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Patrick H.
Patrick H., Lawyer
Category: Australia Law
Satisfied Customers: 5376
Experience:  Dip Law LPAB - Sydney based lawyer
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I have been with an Australian for 3 years living de facto

Customer Question

i have been with an Australian for 3 years living de facto since july 2013. he asked me to marry him we became engaged I sold my house left my job moved to queensland and it has cost me around 130, 000 since I met him in costs. this does not include the costs of helping him with csa and all his debts. Of course I have been used I can see that now and now he has become abusive and forced me to sign a rental agreement that has resulted in the house in qld being treated for termites and we are living in week to week accommodation while the treatment is done on the rental property and yes costing me heaps of money I want out and some money back what can I do ?
Submitted: 6 months ago.
Category: Australia Law
Expert:  Patrick H. replied 6 months ago.

Hello and thank you for your question.

If you have been living together as a defacto for more than two years then you will be subject to the Family Law Act, which means upon separation your assets are subject to division in much the same way as if you were married. That essentially means that a court, upon an application by either party, will divide the combined marital asset pool on the basis that each party is entitled to a fair share having regard to their respective contributions, and then adjusting for any special considerations such as where one of you will be caring for a child of the relationship, or where one of you has serious health issues which affect that person's ability to support themselves.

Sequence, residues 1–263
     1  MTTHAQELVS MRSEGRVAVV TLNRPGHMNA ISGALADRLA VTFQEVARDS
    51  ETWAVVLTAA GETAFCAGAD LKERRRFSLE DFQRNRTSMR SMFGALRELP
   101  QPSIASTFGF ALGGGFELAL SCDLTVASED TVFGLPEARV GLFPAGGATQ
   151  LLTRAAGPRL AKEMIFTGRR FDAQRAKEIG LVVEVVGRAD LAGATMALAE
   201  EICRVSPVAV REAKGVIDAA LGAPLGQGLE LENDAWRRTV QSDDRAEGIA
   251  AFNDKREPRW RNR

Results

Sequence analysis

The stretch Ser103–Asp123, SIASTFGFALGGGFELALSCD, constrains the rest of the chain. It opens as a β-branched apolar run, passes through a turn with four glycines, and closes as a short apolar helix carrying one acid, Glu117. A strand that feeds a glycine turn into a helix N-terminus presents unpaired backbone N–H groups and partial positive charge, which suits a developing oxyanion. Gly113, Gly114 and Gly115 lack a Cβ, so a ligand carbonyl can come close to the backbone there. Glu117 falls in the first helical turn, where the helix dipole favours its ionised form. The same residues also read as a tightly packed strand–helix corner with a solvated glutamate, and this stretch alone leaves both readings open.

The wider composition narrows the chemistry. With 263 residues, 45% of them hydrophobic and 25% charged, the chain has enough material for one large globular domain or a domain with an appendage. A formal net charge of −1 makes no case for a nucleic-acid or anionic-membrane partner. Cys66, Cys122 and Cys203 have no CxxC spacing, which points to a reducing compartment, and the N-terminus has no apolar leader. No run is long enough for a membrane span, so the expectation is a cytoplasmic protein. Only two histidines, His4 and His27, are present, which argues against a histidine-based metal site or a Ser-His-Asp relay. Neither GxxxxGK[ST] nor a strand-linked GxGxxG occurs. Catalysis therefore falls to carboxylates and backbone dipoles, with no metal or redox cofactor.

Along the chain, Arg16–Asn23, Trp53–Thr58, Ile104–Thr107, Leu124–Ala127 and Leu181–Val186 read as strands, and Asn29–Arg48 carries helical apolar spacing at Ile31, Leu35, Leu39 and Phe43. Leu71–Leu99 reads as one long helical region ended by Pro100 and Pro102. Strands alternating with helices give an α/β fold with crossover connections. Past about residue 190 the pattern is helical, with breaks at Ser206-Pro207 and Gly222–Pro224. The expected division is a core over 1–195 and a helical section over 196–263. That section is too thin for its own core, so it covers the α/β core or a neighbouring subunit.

Absent special factors, the main consideration is what each party contributed financially. As it sounds like you have contributed more than your ex, you will likely get a much greater share of the assets, and if as your description implies, your ex effectively only brought debts to the relationship, you may be entitled to the whole of the asset pool, however, if your partner is still in debt a court is unlikely to force him to borrow more to 'pay you back'.

Only a fully briefed lawyer can give you a firm answer as to the amount you will likely recover, however I trust my answer assists your understanding as to how the law applies to your situation.

Good luck and please rate my answer.